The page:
Indeterminate thyroid nodules: A challenge for the surgical strategy

Section of Endocrine Surgery, Division of General Surgery, Department of General Surgery, Medical University of Vienna, Vienna, Austria.
Surgery (Impact Factor: 3.38). 03/2010; 148(3):516-25. DOI: 10.1016/j.surg.2010.01.020
Source: PubMed


Because no clinical parameter can establish the final status of a cytologically indeterminate thyroid nodule (ITN) or nodal-metastases in case of malignancy, the initial surgical strategy should define an oncologically adequate procedure with low morbidity.
The prognostic relevance of sex, age, tumor sizes, multifocality, thyroid function, and recurrence was analyzed in 156 consecutive patients according to the presence of malignancy and nodal metastases. The accuracy of frozen sections to reveal malignancy was determined. Clinical parameters were compared with regard to their ability to identify malignancy and nodal metastases in an ITN to determine an appropriate initial operative strategy.
One hundred and eighteen (75.6%) patients underwent (total) thyroidectomy, 37 (23.7%) patients underwent hemithyroidectomy, and 1 patient underwent isthmus resection. Fifty-five (35.3%) patients showed malignancy. First step lymphadenectomy (lymph node dissection along the recurrent laryngeal nerve before removing the thyroid lobe) was performed in 142 patients documenting 10 nodal metastases. Comparing benign and malignant ITN, no association was found for sex (P = .17), age (P = 1.0), tumor sizes (P = .33, P = .12, P = .19 for < or =30 mm, < or =40 mm, and < or =50 mm, respectively), or thyroid function (P = .26). The determination of malignancy by frozen section showed a sensitivity of 30.9% and a specificity of 100%. No permanent hypoparathyroidism or recurrent laryngeal nerve palsy was observed postoperatively.
Because of the failure of available clinical parameters to predict malignancy in cytologically ITN, hemithyroidectomy in unilateral goiter and thyroidectomy in bilateral goiter is recommended. Ipsilateral "first step central neck dissection" on the side of ITN offers the advantages of oncologically adequate resection and staging with a low morbidity, as well as avoids reoperation.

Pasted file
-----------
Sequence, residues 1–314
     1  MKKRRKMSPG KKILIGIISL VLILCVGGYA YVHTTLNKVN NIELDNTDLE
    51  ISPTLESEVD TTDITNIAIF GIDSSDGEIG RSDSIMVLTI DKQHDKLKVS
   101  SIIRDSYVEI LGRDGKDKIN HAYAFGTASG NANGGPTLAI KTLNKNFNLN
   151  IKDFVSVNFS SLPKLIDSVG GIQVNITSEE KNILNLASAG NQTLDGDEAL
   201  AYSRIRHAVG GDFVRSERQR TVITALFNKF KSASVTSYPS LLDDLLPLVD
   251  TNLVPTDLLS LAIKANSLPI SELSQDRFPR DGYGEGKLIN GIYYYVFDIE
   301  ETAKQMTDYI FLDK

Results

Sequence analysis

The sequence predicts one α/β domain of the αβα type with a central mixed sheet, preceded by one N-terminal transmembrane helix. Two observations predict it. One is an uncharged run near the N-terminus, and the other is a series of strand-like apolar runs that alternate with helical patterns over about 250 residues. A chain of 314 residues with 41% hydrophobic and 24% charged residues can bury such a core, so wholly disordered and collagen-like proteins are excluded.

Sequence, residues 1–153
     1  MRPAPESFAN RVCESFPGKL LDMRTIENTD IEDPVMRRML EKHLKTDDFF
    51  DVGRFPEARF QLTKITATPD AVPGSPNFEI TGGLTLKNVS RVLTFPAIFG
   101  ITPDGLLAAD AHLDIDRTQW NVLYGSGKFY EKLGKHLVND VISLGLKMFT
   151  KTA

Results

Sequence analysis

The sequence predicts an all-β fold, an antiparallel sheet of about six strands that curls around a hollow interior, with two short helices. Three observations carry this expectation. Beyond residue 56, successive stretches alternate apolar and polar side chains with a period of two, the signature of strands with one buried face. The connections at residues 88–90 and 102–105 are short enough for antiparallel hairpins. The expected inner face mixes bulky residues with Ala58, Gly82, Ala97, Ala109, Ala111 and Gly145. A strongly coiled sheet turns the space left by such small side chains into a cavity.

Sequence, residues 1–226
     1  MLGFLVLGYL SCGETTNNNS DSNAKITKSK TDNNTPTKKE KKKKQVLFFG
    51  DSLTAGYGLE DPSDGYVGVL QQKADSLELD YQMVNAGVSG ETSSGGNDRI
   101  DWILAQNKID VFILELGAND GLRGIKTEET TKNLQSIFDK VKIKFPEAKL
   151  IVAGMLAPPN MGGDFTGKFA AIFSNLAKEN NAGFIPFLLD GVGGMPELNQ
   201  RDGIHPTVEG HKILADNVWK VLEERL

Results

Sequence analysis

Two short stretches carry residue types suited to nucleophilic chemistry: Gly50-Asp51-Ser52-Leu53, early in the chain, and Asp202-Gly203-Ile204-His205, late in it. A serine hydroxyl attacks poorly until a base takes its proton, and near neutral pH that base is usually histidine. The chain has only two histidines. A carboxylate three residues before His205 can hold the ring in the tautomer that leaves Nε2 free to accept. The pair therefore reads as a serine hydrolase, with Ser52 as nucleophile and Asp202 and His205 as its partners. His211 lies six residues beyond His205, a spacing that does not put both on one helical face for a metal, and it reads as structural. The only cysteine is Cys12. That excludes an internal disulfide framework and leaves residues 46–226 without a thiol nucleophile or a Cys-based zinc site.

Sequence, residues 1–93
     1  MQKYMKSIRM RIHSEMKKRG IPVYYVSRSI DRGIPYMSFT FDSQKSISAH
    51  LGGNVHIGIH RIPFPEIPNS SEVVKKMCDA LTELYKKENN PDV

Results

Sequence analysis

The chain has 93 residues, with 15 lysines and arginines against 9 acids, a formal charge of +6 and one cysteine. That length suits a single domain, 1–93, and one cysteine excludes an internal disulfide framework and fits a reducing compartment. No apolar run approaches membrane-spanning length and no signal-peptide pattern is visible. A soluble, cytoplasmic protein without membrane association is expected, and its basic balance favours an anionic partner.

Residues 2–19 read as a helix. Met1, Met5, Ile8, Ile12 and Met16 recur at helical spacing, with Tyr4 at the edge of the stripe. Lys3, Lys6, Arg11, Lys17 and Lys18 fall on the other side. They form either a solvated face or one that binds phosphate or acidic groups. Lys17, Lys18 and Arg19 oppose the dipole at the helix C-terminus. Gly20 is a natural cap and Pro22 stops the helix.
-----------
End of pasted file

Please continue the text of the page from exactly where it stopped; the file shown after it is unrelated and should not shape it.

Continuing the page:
15 Reads
  • Source
    • "Furthermore, the average percentage of nodules with inconclusive or indeterminate cytology obtained by FNAB guided by ultrasound is approximately 5% to 17% [21]. Based on final histopathology, 19.2% to 35.3% of indeterminate FNABs were diagnosed as malignant [22], [23], [24]. Thus, although benign lesions may be diagnosed as malignant or malignant lesions may be diagnosed as benign, these findings raise the possibility of malignancy among lesions with indeterminate FNAB results. "
    [Show abstract] [Hide abstract]
    ABSTRACT: After the accident at the Chernobyl Nuclear Power Plant (CNPP), the incidence of thyroid cancer increased among children. Recently, a strong relationship between solid thyroid nodules and the incidence of thyroid cancer was shown in atomic bomb survivors. To assess the prognosis of benign thyroid nodules in individuals living in the Zhitomir region of Ukraine, around the CNPP, we conducted a follow-up investigation of screening data from 1991 to 2000 in the Ukraine. Participants of this study were 160 inhabitants with thyroid nodules (nodule group) and 160 inhabitants without thyroid nodules (normal control group) intially identified by ultrasonography from 1991 to 2000. All participants were aged 0 to 10 years old and lived in the same area at the time of the accident. We performed follow-up screening of participants and assessed thyroid nodules by fine needle aspiration biopsy. Among the nodule group participants, the number and size of nodules were significantly increased at the follow-up screening compared with the initial screening. No thyroid nodules were observed among the normal control group participants. The prevalence of thyroid abnormality, especially nodules that could be cancerous (malignant or suspicious by fine needle aspiration biopsy), was 7.5% in the nodule group and 0% in the normal control group (P<0.001). Our study indicated that a thyroid nodule in childhood is a prognostic factor associated with an increase in the number and size of nodules in individuals living in the Zhitomir region of Ukraine.